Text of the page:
American service members have long spent holidays in dangerous places, far from family. These days, home is a video chat or Skype call away. But during World War II, packages, letters and radio programs bridged the lonely gaps. For 15 minutes every week, "Canteen Girl" Phyllis Jeanne Creore spoke and sang to the troops and their loved ones on NBC radio.

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Shots - Health News
2:18 am
Tue December 18, 2012

NIH Revisits Debate On Controversial Bird Flu Research

A prefectural officer carries a chicken on a poultry farm on Oct. 15 on the outskirts of Kathmandu, Nepal, where chickens suspected of being infected with bird flu were found.
Prakash Mathema AFP/Getty Images

Originally published on Tue December 18, 2012 7:14 am

On Tuesday, the National Institutes of Health in Maryland is holding a second day of talks about whether and how to continue funding some controversial scientific experiments.

Back in January, virologists agreed to temporarily stop research that was creating new forms of bird flu because critics argued that the work was too dangerous. NIH officials are now seeking input from scientists and the public about how to proceed.

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Holiday Music
1:03 am
Tue December 18, 2012

'What Christmas Means' To Soul Singer KEM

Of "Christmas Time is Here," Kem says, "It's one of those songs that I hear and it's like, 'I wish I wrote that.' "
Anthony Mandler Courtesy of the artist

Originally published on Tue December 18, 2012 5:07 am

For KEM's What Christmas Means, the R&B singer wanted to cover several aspects of the season: the birth of Christ, for one, but also Christmas as a "romantic holiday."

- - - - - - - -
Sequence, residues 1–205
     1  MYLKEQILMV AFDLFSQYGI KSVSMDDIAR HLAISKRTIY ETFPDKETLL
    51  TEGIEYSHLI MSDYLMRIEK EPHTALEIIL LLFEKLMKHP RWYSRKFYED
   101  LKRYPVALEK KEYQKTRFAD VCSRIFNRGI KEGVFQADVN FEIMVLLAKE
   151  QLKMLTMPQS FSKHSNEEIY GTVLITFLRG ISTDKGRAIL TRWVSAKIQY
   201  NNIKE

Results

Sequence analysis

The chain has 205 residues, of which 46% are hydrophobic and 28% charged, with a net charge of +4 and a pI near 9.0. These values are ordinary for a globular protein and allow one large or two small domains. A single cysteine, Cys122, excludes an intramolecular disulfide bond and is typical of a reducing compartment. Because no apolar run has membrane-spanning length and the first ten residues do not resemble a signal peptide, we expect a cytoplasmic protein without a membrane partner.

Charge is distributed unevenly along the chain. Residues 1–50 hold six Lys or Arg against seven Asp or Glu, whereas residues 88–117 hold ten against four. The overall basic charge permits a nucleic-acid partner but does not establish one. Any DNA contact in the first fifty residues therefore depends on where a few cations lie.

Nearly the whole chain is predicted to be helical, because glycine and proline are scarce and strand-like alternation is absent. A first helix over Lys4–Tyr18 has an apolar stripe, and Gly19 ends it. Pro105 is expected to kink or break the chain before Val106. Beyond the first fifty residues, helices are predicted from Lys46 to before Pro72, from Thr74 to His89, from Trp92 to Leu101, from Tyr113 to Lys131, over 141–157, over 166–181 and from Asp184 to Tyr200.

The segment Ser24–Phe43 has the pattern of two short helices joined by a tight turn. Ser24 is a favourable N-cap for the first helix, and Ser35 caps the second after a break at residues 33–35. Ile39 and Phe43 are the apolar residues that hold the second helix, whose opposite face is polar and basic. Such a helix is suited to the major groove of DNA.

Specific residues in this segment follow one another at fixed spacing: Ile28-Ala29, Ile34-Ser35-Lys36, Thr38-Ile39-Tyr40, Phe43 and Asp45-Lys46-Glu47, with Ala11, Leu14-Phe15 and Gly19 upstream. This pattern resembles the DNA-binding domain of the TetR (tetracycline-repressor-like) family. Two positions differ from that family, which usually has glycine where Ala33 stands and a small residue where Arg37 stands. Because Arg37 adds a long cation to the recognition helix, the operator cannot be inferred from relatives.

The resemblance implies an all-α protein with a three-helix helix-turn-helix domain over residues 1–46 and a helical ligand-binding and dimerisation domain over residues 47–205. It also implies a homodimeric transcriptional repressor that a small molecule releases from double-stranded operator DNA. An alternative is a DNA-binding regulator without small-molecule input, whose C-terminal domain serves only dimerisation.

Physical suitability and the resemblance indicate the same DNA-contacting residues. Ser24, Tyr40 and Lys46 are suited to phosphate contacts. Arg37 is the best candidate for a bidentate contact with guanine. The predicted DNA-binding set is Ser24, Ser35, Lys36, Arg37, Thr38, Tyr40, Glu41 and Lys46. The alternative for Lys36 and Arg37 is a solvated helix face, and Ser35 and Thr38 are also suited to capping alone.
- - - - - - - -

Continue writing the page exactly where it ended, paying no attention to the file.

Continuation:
"You spend time cuddled up by the fire, warm and cozy with your wife or your husband," KEM tells NPR's David Greene. "You spend more time being intimate with shopping — we're doing things with the kids, we're together. There's a lot of sincerity, a lot of warmth."

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The Two-Way
5:31 pm
Mon December 17, 2012

Investors Shun Gun Makers As Gun-Control Talk Increases

Originally published on Tue December 18, 2012 11:00 am

(Scroll down for a Tuesday morning update.)

On Wall Street, investors appear to be listening closely to the growing talk in Washington about curbing assault weapons.

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The Two-Way
5:29 pm
Mon December 17, 2012

Sen. Daniel Inouye Dies At 88, As Senate Loses Its Most Senior Member

Sen. Daniel Inouye (left), who died at 88 Monday, served as the chairman of the Senate committee investigating the Iran-Contra affair in 1986.
Chris Wilkins AFP/Getty Images

Originally published on Mon December 17, 2012 6:48 pm

Sen. Daniel Inouye of Hawaii, 88, has died of respiratory complications, according to reports from the AP and other news agencies. The World War II veteran, a Democrat, had been the most senior member of the Senate. He joined its ranks in 1963, shortly after Hawaii became a state.

At the time of his death, Inouye was the president pro tempore, placing him third in the line of succession, behind Vice President Biden and the House speaker. He was also the chairman of the Senate Appropriations Committee.

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Politics
5:17 pm
Mon December 17, 2012

Hawaii Sen. Daniel Inouye Dies At 88 Of Respiratory Complications

Originally published on Mon December 17, 2012 6:19 pm

Transcript

ROBERT SIEGEL, HOST:

From NPR News, this is ALL THINGS CONSIDERED. I'm Robert Siegel.

MELISSA BLOCK, HOST:

And I'm Melissa Block.